Hydrogen cars come one step closer to the mass market

Mercedes-Benz announced this week that it has started production of the B-Class F-CELL, its first series-produced electric car with a fuel cell.

Initially, the firm plans to build 200 models which will be delivered to customers in Europe and the US from spring 2010. The B-Class is an evolution of the company's A-Class F-Cell, unveiled back in 2004 and currently in active service at the COP15 conference in Copenhagen.

Mercedes-Benz claims that the B-Class F-CELL will have a range of up to 400 kilometers (248 miles), with a 136 horsepower electric motor delivering performance comparable with that of a 2.0 litre gasoline car. Top speed will be 170 kph (105 mph). The vehicle will also be able to start at temperatures as low as -25°C (-77°F), traditionally an area of concern with fuel-cells, which use internal vapor at risk of solidifying below freezing point (0°C/32°F). The B-Class overcomes this by taking electrical energy from an on-board battery as it warms up in cold temperatures.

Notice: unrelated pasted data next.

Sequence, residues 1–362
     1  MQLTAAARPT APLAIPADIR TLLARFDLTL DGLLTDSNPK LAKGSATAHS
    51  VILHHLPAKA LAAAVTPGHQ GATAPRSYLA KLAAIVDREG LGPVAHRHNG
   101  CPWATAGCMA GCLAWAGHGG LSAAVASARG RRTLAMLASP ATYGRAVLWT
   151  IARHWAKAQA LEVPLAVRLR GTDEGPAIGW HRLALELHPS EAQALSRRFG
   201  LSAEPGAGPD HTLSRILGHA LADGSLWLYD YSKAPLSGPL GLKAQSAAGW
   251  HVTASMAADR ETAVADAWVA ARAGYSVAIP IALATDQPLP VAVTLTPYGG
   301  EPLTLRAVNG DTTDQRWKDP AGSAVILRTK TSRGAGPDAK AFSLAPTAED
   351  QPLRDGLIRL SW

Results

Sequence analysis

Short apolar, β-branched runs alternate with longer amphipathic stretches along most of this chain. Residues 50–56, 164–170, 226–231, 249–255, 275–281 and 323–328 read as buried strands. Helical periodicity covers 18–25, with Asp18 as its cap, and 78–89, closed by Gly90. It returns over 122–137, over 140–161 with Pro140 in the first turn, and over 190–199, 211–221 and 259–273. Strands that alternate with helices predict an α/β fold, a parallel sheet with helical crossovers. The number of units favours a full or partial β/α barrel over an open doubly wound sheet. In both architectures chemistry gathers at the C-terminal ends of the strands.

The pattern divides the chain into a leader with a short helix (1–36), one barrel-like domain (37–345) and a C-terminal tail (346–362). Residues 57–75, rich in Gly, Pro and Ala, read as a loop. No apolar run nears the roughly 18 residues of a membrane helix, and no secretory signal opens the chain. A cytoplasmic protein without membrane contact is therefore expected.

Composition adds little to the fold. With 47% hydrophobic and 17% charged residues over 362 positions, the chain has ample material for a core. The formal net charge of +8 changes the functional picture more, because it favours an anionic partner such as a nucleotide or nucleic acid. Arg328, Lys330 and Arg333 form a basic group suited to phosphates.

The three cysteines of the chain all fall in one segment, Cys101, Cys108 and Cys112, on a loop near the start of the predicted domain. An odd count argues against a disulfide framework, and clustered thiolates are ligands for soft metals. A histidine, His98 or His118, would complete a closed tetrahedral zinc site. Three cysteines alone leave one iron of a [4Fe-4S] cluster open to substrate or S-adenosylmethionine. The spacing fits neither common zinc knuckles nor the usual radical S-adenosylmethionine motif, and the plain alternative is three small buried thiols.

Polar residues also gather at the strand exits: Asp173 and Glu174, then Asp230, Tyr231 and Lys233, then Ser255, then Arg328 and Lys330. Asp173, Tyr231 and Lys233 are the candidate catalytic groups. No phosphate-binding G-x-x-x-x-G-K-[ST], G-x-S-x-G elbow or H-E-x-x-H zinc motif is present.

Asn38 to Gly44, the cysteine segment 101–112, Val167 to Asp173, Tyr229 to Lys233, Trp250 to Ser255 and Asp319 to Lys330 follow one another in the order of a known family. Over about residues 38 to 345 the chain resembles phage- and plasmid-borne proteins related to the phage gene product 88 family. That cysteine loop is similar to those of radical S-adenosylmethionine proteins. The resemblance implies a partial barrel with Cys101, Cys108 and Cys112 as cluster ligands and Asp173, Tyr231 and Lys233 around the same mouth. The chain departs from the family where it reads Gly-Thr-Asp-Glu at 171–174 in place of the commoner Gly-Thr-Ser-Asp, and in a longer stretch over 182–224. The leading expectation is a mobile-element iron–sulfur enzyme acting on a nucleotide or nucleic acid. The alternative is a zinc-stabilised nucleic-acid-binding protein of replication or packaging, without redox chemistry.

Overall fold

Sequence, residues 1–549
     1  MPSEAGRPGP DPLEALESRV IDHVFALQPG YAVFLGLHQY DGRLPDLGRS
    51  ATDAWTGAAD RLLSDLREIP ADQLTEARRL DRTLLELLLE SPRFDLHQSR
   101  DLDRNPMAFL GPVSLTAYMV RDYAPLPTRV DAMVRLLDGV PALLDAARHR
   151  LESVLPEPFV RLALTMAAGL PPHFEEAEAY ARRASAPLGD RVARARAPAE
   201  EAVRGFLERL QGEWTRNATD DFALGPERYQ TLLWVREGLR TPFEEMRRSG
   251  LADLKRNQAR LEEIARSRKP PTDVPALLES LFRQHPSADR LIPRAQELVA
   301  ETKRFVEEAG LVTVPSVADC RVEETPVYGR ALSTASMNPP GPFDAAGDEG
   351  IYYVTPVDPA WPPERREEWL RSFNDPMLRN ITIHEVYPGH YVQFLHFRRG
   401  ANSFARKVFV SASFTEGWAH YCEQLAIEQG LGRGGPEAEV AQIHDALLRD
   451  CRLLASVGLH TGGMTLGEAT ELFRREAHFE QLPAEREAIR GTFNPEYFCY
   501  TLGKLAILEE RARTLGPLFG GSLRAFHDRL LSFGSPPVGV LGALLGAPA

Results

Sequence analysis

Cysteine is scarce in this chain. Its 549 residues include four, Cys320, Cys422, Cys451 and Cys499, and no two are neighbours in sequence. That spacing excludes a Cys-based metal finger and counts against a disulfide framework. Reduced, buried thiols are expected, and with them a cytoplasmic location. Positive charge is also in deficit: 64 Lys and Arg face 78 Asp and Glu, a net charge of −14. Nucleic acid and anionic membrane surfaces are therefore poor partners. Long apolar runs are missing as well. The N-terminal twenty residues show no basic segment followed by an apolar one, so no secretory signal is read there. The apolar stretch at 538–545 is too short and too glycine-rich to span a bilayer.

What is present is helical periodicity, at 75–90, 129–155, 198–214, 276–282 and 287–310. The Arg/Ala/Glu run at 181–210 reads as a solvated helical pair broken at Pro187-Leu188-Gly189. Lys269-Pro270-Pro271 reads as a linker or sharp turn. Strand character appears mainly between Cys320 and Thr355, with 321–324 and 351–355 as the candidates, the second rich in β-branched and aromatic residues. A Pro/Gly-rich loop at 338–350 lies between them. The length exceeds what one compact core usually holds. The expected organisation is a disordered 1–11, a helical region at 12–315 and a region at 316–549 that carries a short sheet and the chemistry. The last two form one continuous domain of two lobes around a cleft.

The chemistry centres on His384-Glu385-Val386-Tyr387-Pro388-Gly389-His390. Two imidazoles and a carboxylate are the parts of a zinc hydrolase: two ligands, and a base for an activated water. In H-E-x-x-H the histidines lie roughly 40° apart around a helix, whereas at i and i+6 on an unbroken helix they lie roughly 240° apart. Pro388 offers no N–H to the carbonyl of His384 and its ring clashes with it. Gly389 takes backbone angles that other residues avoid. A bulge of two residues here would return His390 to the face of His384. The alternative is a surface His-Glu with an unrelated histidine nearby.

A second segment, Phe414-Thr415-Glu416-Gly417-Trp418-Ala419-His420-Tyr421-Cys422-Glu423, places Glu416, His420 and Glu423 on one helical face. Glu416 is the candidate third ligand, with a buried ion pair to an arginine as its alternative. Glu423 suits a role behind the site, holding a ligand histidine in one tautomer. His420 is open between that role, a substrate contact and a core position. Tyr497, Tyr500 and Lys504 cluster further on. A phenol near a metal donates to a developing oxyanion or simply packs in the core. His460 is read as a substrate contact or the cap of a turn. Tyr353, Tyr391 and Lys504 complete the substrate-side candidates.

German car-maker Mercedes-Benz is the latest entrant to the fuel-cell market, which is only just beginning to move from theory to reality. Lack of a hydrogen infrastructure such as filling points is still a major issue for the fledgling industry, although several energy suppliers are believed to have plans for a network in the pipeline. Honda was the first manufacturer to bring a production fuel cell vehicle to market with the FCX Clarity which is currently for sale or lease in Los Angeles, US and Japan. Mercedes-Benz is also planning to offer the first B-Class models to select customers through a leasing program.

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